Allergies to Animals

Many people are allergic to animals of all kinds. In people with an inherited hypersensitivity, exposure to allergens in an animals saliva, dander, or urine can cause an allergic reaction. Most allergies to dogs, cats, and horses are caused by hypersensitivity to the proteins found in the animals saliva and dander. Most allergies to rabbits, hamsters, and guinea pigs are caused by hypersensitivity to the proteins found in the animals urine.

An allergic reaction is an immune system response. Allergy symptoms develop when proteins are carried through the air and come in contact with the lining of the respiratory tract. A person who has a severe animal allergy may experience a reaction in a public place from exposure to dander that is carried on a pet owners clothing.

Pet Allergies

Pet allergies are caused by an immune system response to the proteins which are present in the animal saliva, urine, or more commonly, dander. Allergies to dogs, cats, and other animals tend to be inherited. In most cases, the inherited animal allergies result from a genetic hypersensitivity to the proteins called allergens. An allergic reaction occurs when the immune system produces an antibody called immunoglobulin E.

This antibody binds to the cells in the body and causes the release of histamine. Histamine is a substance that dilates blood vessels. Animal allergens are carried though the air and are sticky and collect on surfaces. Petting, grooming, animal activity, vacuuming, and dusting all increase the amount of allergens that are released into the air. Animal allergens can remain on surfaces and in the air for many months.


When an allergy to dogs, cats, or other animals is suspected, the primary physician takes a medical history and performs diagnostic tests. If possible, the patient or animal is temporarily removed from the environment and the environment is thoroughly cleaned to determine if the symptoms improve.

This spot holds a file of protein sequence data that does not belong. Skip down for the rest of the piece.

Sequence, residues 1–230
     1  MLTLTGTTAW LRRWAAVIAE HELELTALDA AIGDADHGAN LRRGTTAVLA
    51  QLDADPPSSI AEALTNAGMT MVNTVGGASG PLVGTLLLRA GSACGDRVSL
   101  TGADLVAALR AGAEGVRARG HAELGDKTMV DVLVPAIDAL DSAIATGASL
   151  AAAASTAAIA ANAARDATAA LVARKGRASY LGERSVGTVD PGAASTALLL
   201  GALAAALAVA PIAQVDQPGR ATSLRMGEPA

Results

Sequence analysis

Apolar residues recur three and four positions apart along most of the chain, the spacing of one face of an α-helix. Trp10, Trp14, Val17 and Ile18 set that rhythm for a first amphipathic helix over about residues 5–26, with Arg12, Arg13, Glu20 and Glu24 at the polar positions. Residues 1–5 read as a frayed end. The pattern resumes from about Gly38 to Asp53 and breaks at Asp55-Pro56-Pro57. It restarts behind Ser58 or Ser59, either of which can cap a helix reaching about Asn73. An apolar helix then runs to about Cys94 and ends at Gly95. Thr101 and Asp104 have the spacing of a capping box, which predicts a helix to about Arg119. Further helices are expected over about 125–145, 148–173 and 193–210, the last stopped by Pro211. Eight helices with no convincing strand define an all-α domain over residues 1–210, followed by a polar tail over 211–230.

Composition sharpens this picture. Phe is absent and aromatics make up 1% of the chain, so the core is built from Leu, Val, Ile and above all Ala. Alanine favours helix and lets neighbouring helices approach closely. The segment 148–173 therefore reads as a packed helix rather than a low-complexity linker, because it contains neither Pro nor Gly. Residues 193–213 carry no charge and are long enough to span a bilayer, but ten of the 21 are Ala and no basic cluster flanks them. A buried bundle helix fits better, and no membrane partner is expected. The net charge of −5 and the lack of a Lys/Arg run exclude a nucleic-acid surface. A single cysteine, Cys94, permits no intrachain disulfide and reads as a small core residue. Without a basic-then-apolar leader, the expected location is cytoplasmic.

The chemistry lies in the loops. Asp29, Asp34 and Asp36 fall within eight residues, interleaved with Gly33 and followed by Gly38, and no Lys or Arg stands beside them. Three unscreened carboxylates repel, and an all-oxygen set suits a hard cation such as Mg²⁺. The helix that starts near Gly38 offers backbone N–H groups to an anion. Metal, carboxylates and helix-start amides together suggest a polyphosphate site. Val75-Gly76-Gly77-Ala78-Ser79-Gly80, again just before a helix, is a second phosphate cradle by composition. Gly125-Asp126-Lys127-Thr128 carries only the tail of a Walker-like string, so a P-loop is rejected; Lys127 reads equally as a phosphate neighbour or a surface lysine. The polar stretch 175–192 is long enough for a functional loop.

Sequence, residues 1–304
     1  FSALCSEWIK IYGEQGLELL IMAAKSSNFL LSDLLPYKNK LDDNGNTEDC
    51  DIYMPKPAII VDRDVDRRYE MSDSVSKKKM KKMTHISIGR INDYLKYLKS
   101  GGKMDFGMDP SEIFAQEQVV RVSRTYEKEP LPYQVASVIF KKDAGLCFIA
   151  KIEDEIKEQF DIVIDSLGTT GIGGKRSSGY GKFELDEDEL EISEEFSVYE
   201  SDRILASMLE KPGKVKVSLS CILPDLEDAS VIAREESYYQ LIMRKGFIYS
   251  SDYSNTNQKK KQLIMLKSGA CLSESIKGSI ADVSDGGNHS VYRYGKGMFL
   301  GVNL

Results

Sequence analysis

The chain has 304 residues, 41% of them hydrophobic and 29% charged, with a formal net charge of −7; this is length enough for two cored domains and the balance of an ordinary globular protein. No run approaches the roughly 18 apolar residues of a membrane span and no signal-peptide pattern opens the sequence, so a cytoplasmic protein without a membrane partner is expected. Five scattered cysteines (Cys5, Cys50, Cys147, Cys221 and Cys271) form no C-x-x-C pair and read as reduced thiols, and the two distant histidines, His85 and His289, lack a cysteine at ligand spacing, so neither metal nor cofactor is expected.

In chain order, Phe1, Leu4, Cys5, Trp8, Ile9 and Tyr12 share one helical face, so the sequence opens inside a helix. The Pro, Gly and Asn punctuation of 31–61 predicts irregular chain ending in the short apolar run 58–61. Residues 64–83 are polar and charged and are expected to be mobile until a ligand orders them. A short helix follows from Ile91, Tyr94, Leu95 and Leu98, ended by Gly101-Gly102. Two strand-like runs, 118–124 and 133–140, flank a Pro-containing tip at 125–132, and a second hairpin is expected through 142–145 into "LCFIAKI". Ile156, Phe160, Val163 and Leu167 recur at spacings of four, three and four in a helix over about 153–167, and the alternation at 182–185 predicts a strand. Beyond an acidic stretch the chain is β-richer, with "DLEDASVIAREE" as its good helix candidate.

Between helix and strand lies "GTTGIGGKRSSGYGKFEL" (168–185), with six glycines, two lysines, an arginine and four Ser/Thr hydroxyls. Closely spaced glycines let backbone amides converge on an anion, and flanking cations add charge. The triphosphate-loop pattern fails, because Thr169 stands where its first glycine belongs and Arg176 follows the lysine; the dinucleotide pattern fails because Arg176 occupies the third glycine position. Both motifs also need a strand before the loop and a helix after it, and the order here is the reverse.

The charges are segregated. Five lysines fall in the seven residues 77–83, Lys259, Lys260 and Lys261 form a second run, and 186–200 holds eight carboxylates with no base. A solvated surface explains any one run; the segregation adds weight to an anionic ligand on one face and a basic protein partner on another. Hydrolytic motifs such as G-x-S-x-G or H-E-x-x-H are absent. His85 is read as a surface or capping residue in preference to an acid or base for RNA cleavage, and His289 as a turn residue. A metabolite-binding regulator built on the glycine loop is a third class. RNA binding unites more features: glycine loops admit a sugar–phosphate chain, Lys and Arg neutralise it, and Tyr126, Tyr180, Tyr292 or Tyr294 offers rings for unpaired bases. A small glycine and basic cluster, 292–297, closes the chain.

Tests performed to determine if pet allergies exist include scratch tests, which involve applying suspected allergens and then scratching the skin to introduce the substance into the skin.

These tests are usually performed on the forearm, upper arm, or upper back to allow several allergens to be tested at the same time. An allergic reaction will typically occur within twenty minutes. Blood tests are also used to detect an allergic reaction. With a blood test a sample of blood is taken and mixed with the suspected allergen. The level of immunoglobulin E is then measured to determine if the allergy is from an animal.

The proper treatment of per allergies requires removing the animal from the environment and avoiding further contact if at all possible. If the animal is not removed adding an air cleaner to central heating and air conditioning is suggested to help filter the air. Removing carpet is also a suggestion as bare floors such as tile or hardwood are best. The pet should be brushed daily to remove dander and bathed weekly.

Vacuuming with a high efficiency particulate air filter is best to pull animal dander from carpet and furniture. It is also suggested that a dust mask is worn while vacuuming. These recommendations may not produce significant relief from symptoms and are not as effective as the removal of the pet from the entire indoor environment, but they should help somewhat.